She sat up fast, swayed woozily. Lunch? Clearly, she’d slept through breakfast.

  She checked her watch. Three p.m. Seemed late for lunch. Then she remembered: they put the clocks back every day by two hours, to account for the time difference. It was one of the boasts of the flight—no lag. You adjusted from European to US time as you crossed the Atlantic.

  She ran her tongue around her mouth and tasted stale cigarettes and Scotch. They woke her fully. “Jocco,” she murmured, half amazement, half joy. Then she remembered how he was. What he’d been through; what he was doing there; what was to come. Joy faded, replaced by fear. It held her for a moment. Then, “Well,” she told herself aloud, “no point in facing all that on an empty stomach.”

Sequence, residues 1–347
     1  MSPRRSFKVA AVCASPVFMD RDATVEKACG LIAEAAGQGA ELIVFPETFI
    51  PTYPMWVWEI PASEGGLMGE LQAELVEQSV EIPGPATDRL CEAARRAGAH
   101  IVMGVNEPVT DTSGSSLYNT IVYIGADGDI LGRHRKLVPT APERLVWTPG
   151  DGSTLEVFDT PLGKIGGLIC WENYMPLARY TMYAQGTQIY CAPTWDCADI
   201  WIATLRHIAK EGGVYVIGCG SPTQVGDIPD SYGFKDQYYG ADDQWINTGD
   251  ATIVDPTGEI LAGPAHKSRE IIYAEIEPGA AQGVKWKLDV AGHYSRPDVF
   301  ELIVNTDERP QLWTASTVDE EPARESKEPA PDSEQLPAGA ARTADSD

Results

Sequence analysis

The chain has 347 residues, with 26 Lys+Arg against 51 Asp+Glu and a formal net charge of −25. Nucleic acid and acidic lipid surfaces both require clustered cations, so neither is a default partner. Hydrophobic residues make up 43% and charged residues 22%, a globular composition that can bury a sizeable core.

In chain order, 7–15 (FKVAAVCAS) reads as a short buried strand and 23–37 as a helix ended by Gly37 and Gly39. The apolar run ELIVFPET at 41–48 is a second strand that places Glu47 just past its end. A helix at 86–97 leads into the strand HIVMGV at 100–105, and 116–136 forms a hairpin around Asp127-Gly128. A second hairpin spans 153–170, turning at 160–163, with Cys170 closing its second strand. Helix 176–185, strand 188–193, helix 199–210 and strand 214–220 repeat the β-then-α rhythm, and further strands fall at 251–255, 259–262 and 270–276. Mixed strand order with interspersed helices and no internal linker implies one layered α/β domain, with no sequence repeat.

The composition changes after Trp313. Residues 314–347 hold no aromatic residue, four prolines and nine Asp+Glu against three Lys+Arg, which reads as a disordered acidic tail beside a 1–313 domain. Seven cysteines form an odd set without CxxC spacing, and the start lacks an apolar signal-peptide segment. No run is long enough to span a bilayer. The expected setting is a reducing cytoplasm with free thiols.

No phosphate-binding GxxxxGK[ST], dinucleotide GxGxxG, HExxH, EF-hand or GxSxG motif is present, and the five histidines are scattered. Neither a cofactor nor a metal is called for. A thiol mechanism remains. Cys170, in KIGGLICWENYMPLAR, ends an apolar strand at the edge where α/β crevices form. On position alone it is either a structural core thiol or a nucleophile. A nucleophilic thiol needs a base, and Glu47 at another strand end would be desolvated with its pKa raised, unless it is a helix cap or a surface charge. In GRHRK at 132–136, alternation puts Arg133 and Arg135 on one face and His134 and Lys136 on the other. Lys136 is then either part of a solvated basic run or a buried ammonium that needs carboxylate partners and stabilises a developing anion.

She thought of having a shower—the cubicle was right opposite her cabin. But when she stepped out into the corridor and pressed the door, she found that it was locked. Water ran within. Cursing, she stepped back inside and dressed swiftly, again in her faun slacks and blouse. Her hair was the same mess and she hid it the same way: under a scarf.

  The dining room, on the port side of the craft, looked full. However, once she’d given the steward her name, he led her across to a vacant table in the far corner. Her route took her past the family who occupied the one larger cabin and one other cabin on B deck—a middle-aged father and wife, a daughter about sixteen years old, two boys about seven or eight. She smiled, said, “Hi!” but only the youngest of the boys said hi back—and the mother grabbed his arm when he did. They’d been woken by the ruckus in the night, of course. They probably thought she was some kind of trouble. She couldn’t blame them.